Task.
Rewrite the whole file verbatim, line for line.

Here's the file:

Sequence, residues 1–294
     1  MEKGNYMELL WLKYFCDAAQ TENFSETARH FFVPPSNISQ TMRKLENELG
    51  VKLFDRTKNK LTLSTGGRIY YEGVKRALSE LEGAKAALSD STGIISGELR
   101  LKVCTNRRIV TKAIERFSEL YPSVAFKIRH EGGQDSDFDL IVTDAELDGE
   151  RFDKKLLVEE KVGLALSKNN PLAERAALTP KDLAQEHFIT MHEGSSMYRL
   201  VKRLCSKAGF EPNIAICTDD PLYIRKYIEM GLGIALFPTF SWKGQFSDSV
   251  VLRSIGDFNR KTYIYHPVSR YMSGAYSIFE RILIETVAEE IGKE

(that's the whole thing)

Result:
Sequence, residues 1–294
     1  MEKGNYMELL WLKYFCDAAQ TENFSETARH FFVPPSNISQ TMRKLENELG
    51  VKLFDRTKNK LTLSTGGRIY YEGVKRALSE LEGAKAALSD STGIISGELR
   101  LKVCTNRRIV TKAIERFSEL YPSVAFKIRH EGGQDSDFDL IVTDAELDGE
   151  RFDKKLLVEE KVGLALSKNN PLAERAALTP KDLAQEHFIT MHEGSSMYRL
   201  VKRLCSKAGF EPNIAICTDD PLYIRKYIEM GLGIALFPTF SWKGQFSDSV
   251  VLRSIGDFNR KTYIYHPVSR YMSGAYSIFE RILIETVAEE IGKE